jason baney 6.5x47 Lapua 7x47 velocity barrel cut-down test

The rifle I selected for the test was Accuracy International’s new AT rifle. This rifle is basically an overhauled and updated AI AW with a quick user-changeable barrel. I can literally change a barrel in 1 minute or less. The machining they have done to give this function was quite simple and brilliant in the way it retains the barrel yet allows the release quickly and with only a 4mm Allen wrench. This would make the test that I contrived go very smoothly as no major tools were needed.

My goal was to use as many different load combos for the test as I could without making it extremely cumbersome to complete. I wanted to test at least the 180 and 168 Berger as well as a couple different powders representing different burn rates to get an all-around feel for how the cartridge would behave at the different lengths. From previous experience with the 6.5×47, the best powder choices were Hodgdon H4350 and Alliant Reloder 17 (RL17) so these would be the main players. I also picked IMR 8208, Varget, and VV N550 to cover the spectrum of acceptable burn rates. Also, my standard CCI 450 primer was used as that has been successful for me in the 6mmBR and 6.5×47 since 2006 as they are incredibly consistent, however they are also better able to take high pressures without blanking. After picking the powders, I first ran ladder tests to assess max loads in the long 32” barrel.

Velocity Study — Chopping the Barrel from 32″ to 16.1″
Laying out the test actually took a bit of bit of mental gymnastics to provide randomness. The barrel was to be cut in 2” increments from 32” down to a final of 16.1”. Each length was actually pre-scored by Wade to make cutting easier to start and was actually 1/8” long at each mark so when I finally ended up at 16 1/8”, I was able to have the barrel re-crowned without going below legal length.

jason baney 6.5x47 Lapua 7x47 velocity barrel cut-down test

Six loads were assembled using the five powders mentioned above and two bullets (Berger 168gr VLD and 180gr Hybrid). Each set of rounds to be fired at each cut was predetermined and laid out so that the same load never preceded nor followed another more than once. Reloder 17 and H4350 loads were fired at each cut, while the four others were fired at every-other cut to keep the round count under 200. Twenty rounds (4 loads times 5 rounds each) were fired at each cut from 32” down to 18” and at the final 16.1” length each of the six loads was fired. That is a total of 190 test rounds. The barrel was cleaned before firing at the 24” length and before firing at the 16.1” length. After cleaning each time I fired two rounds of the next load as fouling shots to normalize velocities.

The rifle was fitted with a 3” fore-end attachment and fired from my 40-lb front rest for 1000-yard benchrest competition with a rear bunny-ear bag. Throughout the test, the rifle never changed its position — though the muzzle did retreat 2” with every cut. I used two chronographs for the test. An Oehler 35P was placed 10 feet from the original 32” muzzle and a Magnetospeed V3 was attached on the muzzle (at all barrel lengths down to 16.1 inches.)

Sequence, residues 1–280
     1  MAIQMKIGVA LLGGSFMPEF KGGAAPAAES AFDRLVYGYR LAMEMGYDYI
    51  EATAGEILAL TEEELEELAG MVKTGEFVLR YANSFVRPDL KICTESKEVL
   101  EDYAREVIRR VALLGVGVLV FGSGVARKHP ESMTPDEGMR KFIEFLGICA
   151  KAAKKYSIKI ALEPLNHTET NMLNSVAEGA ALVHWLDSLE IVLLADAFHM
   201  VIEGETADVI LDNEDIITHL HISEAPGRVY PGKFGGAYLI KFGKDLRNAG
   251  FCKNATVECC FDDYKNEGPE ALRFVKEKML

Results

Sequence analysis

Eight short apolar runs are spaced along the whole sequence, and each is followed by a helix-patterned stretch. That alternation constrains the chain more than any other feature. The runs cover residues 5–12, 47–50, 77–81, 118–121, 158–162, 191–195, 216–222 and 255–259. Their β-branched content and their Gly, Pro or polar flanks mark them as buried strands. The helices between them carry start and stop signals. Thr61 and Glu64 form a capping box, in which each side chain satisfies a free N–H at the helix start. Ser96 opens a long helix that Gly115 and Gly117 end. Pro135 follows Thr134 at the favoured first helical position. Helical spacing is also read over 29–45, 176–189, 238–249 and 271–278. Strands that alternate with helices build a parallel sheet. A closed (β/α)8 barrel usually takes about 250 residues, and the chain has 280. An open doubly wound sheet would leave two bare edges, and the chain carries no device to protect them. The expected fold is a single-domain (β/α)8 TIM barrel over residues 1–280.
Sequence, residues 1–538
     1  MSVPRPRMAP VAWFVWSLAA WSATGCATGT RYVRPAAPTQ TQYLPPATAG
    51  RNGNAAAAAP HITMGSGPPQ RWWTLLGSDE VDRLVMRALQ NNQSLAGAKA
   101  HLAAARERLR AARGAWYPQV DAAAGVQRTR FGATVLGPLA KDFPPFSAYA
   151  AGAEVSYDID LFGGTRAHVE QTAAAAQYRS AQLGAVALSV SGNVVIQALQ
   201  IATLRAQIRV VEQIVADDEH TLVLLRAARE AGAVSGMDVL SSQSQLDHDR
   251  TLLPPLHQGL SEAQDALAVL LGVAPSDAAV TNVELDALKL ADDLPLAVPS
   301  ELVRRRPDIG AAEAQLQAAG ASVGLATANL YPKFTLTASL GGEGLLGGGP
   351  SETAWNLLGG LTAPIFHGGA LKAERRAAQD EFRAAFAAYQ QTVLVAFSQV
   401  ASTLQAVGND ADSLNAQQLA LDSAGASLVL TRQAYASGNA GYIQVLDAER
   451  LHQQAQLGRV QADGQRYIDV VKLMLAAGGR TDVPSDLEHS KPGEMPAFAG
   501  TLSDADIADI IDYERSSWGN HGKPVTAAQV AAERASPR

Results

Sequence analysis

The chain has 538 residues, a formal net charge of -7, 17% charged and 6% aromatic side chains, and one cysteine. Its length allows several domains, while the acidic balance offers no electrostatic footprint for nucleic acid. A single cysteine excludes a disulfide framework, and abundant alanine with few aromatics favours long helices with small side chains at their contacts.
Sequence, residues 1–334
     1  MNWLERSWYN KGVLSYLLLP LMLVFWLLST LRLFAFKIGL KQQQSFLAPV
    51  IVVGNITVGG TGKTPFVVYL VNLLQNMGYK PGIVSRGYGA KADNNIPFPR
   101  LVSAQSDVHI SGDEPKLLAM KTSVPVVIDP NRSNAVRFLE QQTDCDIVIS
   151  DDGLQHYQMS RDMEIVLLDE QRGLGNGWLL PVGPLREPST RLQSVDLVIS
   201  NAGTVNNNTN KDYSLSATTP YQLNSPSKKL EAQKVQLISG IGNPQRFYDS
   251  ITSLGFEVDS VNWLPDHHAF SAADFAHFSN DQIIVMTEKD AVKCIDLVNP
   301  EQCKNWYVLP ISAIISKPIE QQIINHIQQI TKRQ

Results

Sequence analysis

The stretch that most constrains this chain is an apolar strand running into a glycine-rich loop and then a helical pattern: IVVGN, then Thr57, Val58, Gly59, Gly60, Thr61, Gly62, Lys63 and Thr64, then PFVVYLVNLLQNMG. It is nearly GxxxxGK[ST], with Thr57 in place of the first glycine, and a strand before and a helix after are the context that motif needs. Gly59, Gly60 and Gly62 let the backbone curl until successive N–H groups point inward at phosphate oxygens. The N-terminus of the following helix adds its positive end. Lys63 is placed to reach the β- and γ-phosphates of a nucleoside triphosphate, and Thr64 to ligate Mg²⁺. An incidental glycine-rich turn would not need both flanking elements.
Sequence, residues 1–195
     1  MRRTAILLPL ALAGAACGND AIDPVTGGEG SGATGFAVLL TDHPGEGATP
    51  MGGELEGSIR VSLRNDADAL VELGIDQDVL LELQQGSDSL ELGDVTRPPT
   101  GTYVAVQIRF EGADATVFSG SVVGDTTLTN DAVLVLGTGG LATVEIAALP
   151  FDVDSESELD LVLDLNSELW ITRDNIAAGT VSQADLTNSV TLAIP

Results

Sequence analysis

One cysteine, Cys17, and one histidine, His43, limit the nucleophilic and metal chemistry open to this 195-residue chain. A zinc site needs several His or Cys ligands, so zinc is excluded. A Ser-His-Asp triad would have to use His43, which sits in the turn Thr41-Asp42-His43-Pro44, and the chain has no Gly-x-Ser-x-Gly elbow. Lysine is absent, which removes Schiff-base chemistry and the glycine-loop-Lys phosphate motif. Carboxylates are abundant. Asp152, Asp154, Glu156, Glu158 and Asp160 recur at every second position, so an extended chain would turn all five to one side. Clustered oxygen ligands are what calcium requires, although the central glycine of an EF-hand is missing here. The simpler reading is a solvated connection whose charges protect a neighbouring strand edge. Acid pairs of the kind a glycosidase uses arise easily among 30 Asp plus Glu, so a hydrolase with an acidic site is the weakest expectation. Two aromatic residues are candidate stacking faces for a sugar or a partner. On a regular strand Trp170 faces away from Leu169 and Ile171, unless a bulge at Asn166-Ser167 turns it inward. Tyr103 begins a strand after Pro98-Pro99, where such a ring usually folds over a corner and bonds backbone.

After every round of firing, the barrel was removed and we poured cold water on the exterior only and wrapped a wet towel around it to speed cooling. While the barrel was cooling we used a couple C-clamps and a 2×4 to create an impromptu barrel vice to hold it while we were cutting. While it was clamped, we used a simple hacksaw to cut off two inches and crowned the barrel with an RCBS deburring tool for a nice finish. It took an average of two minutes to cut through the barrel at each length.

Throughout the test, the rifle lost 3.2 lbs on its way to 16.1 inches. The recoil and muzzle blast increased dramatically from 32″ down to 16.1″. Groups on target were actually quite impressive given that we were not really trying for absolute precision and we had rough-cut crowns. Many groups formed one large hole and several were half-MOA or better – even at the final 16.1″ length.

Each load lost between 12.25-16.8 FPS per inch (loss per inch – LPI) over the entire test, though the rate of the loss varied by the burn rate of the powder and by barrel length. Generally below the 24” barrel length the LPI accelerated rapidly. Initial LPI at the longest lengths was 0-10 FPS, while the loss per inch at the shortest lengths were much higher at 30-55 FPS!

In general I did not quite achieve the velocity I was hoping for, but am very close and intend to test longer throats and different throat geometry to get where I want to be. Below I will break the attainable performance down into 3 barrel lengths for consideration in different disciplines.

APPLICATION ONE: 28-30” Barrel for 1000-Yard Benchrest:
Since I am close to or past my target velocity at the longer lengths (above 2720 FPS with the 180gr Berger Hybrid), I intend to barrel a 1000-yard Benchrest rifle in this caliber and give it an honest try in 1K benchrest. I feel that, with a 28-30″ barrel length, my goal will be attainable and it will pull away from 6.5mm class rounds in the wind drift department. While there will be a slight recoil increase, in a 17-lb rifle it is not a concern. There will also surely be a significant gain in useful barrel life as well.